Defences

14.—(1) Paragraph (2) applies where a person relies on a defence under Chapter 2 of this Part.

(2) If evidence is adduced which is sufficient to raise an issue with respect to the defence, the court must assume that the defence is satisfied unless the prosecution proves beyond reasonable doubt that it is not.

PART 3Exceptions

Exception for the return of Syrian cultural property

15.  The prohibitions in Chapter 2 of Part 2 (Trade) are not contravened by any thing done to facilitate the safe return of items to their legitimate owners in Syria in accordance with the objectives of paragraph 17 of resolution 2199.

Exception for acts done for purposes of national security or prevention of serious crime

16.—(1) Where an act would, in the absence of this paragraph, be prohibited by any prohibition in Part 2 (Trade), that prohibition does not apply to the act if the act is one which a responsible officer has determined would be in the interests of—

(a)national security, or

(b)the prevention or detection of serious crime in the United Kingdom or elsewhere.

(2) Where, in the absence of this paragraph, a thing would be required to be done under or by virtue of a provision of Part 4 (Information and records) or Part 6 (Maritime enforcement), that requirement does not apply if a responsible officer has determined that not doing the thing in question would be in the interests of—

(a)national security, or

(b)the prevention or detection of serious crime in the United Kingdom or elsewhere.

(3) In this regulation “responsible officer” means a person in the service of the Crown or holding office under the Crown, acting in the course of that person’s duty.

(4) Nothing in this regulation affects the application of a prohibition or requirement in a case where it would be incompatible with a UN obligation(4) for the prohibition or requirement not to apply.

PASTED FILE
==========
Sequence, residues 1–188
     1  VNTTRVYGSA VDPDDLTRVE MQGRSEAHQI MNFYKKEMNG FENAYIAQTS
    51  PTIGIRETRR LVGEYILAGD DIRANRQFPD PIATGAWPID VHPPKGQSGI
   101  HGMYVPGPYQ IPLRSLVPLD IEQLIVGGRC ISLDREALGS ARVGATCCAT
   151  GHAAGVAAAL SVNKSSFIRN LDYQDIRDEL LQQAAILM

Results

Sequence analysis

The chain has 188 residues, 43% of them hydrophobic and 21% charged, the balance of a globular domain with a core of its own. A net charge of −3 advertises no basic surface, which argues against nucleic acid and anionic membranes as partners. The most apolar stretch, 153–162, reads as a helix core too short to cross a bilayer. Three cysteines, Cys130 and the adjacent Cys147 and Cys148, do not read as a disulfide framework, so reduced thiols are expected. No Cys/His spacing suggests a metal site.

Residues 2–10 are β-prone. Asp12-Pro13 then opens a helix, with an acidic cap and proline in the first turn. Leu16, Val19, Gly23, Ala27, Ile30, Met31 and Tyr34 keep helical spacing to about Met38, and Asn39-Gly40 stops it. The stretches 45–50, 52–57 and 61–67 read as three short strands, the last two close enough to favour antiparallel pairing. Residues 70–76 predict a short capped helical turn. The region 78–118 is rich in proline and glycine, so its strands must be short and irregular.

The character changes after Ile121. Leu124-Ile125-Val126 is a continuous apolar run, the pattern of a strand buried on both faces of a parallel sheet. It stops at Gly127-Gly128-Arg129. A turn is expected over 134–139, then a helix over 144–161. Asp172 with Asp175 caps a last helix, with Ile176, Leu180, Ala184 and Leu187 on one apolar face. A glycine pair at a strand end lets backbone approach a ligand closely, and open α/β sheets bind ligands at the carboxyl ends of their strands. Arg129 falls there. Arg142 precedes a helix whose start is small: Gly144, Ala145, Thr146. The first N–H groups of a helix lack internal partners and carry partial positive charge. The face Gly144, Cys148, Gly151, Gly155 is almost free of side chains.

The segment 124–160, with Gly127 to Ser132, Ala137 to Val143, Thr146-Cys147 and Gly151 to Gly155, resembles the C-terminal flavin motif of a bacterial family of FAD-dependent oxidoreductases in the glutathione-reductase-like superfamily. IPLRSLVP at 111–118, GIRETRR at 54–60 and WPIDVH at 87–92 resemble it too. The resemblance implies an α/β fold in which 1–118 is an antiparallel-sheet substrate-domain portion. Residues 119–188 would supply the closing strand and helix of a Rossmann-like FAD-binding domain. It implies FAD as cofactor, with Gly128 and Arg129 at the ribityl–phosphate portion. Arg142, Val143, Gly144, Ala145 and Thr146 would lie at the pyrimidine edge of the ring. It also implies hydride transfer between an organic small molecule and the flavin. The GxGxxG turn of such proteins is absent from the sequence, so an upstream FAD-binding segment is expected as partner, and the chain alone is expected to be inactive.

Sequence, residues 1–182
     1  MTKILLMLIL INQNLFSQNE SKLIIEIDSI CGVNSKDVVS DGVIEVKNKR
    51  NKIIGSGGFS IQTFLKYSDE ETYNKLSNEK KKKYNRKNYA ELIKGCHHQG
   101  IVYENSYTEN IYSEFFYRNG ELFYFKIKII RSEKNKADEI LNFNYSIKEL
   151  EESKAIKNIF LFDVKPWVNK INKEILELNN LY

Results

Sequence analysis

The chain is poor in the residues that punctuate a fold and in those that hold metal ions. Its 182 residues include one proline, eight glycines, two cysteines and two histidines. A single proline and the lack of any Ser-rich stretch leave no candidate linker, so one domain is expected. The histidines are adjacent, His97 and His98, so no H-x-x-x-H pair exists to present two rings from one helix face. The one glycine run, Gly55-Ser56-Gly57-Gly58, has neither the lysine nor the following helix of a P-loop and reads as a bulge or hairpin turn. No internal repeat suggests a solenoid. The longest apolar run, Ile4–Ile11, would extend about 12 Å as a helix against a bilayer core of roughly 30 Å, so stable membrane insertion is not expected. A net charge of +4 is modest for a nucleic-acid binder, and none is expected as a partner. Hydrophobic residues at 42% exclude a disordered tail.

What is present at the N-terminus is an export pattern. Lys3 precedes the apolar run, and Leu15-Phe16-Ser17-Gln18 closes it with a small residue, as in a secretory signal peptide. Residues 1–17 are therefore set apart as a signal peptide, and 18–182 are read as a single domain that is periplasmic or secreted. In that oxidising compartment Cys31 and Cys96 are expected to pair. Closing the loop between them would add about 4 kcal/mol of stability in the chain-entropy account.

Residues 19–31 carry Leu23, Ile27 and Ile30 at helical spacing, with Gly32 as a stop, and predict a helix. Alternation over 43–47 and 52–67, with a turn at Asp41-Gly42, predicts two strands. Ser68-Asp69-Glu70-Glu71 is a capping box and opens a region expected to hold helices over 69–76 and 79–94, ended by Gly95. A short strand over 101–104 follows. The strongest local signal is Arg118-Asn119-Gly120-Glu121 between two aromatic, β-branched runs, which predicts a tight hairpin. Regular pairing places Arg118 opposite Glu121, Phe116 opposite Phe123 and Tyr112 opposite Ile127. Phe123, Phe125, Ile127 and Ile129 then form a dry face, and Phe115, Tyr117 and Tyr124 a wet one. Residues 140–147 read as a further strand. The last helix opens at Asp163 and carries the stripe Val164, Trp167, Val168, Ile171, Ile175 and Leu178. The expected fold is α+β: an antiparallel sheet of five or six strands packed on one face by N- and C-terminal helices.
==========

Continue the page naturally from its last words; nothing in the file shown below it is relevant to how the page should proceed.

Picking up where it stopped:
PART 4Information and records

Trade: application of information powers in CEMA

17.—(1) Section 77A of CEMA(5) applies in relation to a person carrying on a relevant activity as it applies in relation to a person concerned in the importation or exportation of goods but as if—

(a)in subsection (1), the reference to a person concerned in the importation or exportation of goods for which for that purpose an entry is required by regulation 5 of the Customs Controls on Importation of Goods Regulations 1991(6) or an entry or specification is required by or under CEMA were to a person carrying on a relevant activity;

(b)any other reference to importation or exportation were to a relevant activity;

(c)any other reference to goods were to the goods, services or funds to which the relevant activity relates.

(2) For the purposes of paragraph (1), a “relevant activity” means an activity which would, unless done pursuant to regulation 15 (exception for the return of Syrian cultural property) or 16 (exception for acts done for purposes of national security or prevention of serious crime), constitute a contravention of—

(a)any prohibition in Chapter 2 of Part 2 (Trade) except any prohibition on imports or exports, or

(b)the prohibition in regulation 13 (circumventing etc. prohibitions).